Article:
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Kate Black Event: Big Business, Big Impact

Kate Black Event: Big Business, Big Impact

Kate Black. Photo courtesy of Kate Black

Kate Black. Photo courtesy of Kate Black

“Where ethics meets aesthetics,” is the slogan of online destination for eco-fashion and sustainable living enthusiasts, Magnifeco. Recently, the founder of Magnifeco, Kate Black, poured all of her wisdom and knowledge into a book with the same title; Magnifeco: Your Head-to-Toe-Guide to Ethical Fashion and Non-Toxic Beauty. Black, who is the board member of New York City Fair Trade Coalition (NYCFTC), came to Academy of Art University School of Fashion to share her expertise on the rising issue of sustainability to us. The event that took place on November 17th was attended by many of excited students who couldn’t wait to be enlightened.

Yangtze River in Chongqing, China turns red from textile waste pollution. Photo courtesy of ChinaFotoPress via Getty Images.

Yangtze River in Chongqing, China turns red from textile waste pollution. Photo courtesy of ChinaFotoPress via Getty Images.

In the wake of China’s red water up to the recent Tirupur, India purple lake; the fashion industry is currently under sieged by the international community for its environmentally irresponsible business practices. Black’s arrival at School of Fashion couldn’t be any more perfect as she bestows us with her knowledge on the issue. The one hour or so event boiled down into seven key points that could help us into a more ethical and environmentally responsible consumer. Below are the seven key points from Kate Black’s event:

We burden our bodies with more chemicals than we think

We’d like to think that our diet is the only thing that affects our health, but truth to be told, what we apply to our skin, which is the largest human’s organ, – shampoo, shaving cream, body lotion, mask – can also affect our health. According to Magnifeco: Your Head-to-Toe-Guide to Ethical Fashion and Non-Toxic Beauty, average men uses six personal care products a day, which contains about 85 different chemicals, while the female counterpart, uses double the amount of men’s consumption which brings about to 168 chemicals on a daily basis.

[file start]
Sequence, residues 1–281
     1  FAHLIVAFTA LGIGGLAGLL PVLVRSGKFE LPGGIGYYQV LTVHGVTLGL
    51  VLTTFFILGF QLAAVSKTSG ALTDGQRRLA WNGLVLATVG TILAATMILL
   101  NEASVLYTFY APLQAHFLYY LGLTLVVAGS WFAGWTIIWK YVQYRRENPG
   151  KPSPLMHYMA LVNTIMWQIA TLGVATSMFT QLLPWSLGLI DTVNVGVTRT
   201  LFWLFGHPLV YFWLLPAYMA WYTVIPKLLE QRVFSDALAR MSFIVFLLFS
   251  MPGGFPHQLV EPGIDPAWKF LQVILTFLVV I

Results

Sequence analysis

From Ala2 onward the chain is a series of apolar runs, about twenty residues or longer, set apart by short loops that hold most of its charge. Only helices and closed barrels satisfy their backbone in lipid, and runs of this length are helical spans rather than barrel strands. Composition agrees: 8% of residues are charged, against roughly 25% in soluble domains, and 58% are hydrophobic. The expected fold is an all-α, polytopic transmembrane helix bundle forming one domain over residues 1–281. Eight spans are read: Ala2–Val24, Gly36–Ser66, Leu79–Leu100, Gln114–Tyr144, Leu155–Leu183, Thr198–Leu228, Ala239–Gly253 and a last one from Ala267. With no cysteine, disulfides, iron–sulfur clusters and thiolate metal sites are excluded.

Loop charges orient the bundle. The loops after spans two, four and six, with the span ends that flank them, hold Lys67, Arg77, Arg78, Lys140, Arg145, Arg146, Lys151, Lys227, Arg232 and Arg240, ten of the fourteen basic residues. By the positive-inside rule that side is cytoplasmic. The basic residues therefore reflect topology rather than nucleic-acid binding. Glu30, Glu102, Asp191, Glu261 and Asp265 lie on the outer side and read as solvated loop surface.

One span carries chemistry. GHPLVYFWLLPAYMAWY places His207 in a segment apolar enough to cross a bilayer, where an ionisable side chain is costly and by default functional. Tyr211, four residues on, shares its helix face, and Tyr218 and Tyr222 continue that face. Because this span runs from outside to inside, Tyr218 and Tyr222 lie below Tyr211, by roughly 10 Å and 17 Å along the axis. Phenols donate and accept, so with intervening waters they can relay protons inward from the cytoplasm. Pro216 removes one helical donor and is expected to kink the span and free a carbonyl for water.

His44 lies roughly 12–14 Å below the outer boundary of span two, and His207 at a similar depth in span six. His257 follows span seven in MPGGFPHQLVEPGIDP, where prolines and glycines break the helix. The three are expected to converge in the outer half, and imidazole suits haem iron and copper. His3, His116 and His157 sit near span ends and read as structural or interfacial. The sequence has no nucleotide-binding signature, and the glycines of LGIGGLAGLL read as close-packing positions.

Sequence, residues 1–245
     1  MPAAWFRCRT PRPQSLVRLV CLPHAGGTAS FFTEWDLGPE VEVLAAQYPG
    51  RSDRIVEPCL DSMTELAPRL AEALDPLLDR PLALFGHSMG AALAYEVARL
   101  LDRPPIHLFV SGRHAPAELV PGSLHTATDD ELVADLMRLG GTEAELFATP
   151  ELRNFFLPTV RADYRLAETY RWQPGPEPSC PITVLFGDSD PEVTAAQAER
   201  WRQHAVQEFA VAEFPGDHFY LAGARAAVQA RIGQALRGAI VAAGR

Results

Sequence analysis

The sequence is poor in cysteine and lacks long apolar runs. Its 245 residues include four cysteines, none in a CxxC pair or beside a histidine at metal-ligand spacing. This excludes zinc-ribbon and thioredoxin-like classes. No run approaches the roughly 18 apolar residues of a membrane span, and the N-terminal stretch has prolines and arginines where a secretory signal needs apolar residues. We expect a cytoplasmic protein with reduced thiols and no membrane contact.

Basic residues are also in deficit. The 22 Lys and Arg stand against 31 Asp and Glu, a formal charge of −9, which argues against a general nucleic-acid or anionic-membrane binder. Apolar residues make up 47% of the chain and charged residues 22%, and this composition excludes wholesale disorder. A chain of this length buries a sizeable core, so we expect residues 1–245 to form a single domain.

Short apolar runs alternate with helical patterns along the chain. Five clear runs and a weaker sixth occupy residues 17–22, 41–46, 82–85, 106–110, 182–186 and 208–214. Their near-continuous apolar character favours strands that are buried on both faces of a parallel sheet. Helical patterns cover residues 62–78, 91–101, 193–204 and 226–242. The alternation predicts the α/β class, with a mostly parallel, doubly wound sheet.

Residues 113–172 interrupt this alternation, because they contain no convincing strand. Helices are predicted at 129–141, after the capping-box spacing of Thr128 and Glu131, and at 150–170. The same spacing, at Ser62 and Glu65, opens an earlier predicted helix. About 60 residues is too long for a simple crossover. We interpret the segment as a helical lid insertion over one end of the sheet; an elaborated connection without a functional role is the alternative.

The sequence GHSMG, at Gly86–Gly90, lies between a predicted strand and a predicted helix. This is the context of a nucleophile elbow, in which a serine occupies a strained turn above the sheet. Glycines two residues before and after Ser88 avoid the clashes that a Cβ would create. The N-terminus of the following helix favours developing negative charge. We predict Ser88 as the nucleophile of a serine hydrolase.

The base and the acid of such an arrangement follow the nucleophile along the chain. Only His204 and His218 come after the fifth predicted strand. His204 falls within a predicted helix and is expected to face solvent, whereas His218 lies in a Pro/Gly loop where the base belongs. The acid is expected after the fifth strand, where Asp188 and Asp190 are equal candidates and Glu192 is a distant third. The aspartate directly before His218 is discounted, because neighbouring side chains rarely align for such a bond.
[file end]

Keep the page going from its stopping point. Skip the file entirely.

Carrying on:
FDA doesn’t always ‘protect’ us

Ever since its establishment in 1938, the FDA (Food & Drug Administration) has only banned or restricted total of 11 ingredients used for personal care products such as shampoos, soaps, shaving creams, perfumes, colognes and make up. This number is extremely low compared to the hotlist of over 600 banned or restricted ingredients the Canadian has. The gap is even higher for the European Union, where stricter regulations and rules are imposed. As many as 1,300 chemicals from cosmetics are banned or restricted.

 Kate Black’s Magnifeco: Your Head-to-Toe Guide to Ethical Fashion and Non-Toxic Beauty. Photo courtesy of Kate Black.


Kate Black’s Magnifeco: Your Head-to-Toe Guide to Ethical Fashion and Non-Toxic Beauty. Photo courtesy of Kate Black.

Labels don’t say everything

The labels you read before you purchase a product doesn’t tell you every single thing that used to create such product. For example, a bottle of fragrance might contain up to 4,000 different unlisted ingredients.

Big business, big contribution

As much as $1,5 trillion is involved in the world’s third-largest industry; Fashion. In terms of trade intensity, Fashion industry is second only to largest polluter of global clean water, agriculture. Imagine how big of an impact this business has on the environment.

Fashion is not sustainable

Fashion industry produces as many as 90 billion garments annually and most of it is produced from virgin materials (not recycled). The amount of raw materials this industry seizes from the environment is inconceivable.

Consumer’s behavior is not sustainable

In 21st century, us as consumer are buying garments at unprecedented rate, with average of 62 items per year and there are billions of us globally. What’s worse is that 18 of those garments never get worn and that totals to almost 1,7 billion unworn garments. In this time as well we are paying less per item than before. The cheaper the item, the lower the quality it has and the cheaper production cost for the company.  As much as $19 we spend per piece.

Your clothes leave carbon footprint

According to the research, ¾ carbon footprint from a garment happens after it is purchased. All energy used in the process of creating a garment, from fiber stage all the way to transportation to your closet doesn’t come any closer to the amount of energy consumed when you wash it.

 

In addition to the seven key points Black brought up during the event, she also gave us tips how to be ethical and environmentally responsible when we are shopping for gifts this upcoming holiday season. Keep a close eye on Fashion School Daily for these great holiday shopping tips!

 

 

Written by, Taufik Marasabessy, BFA Merchandising. 


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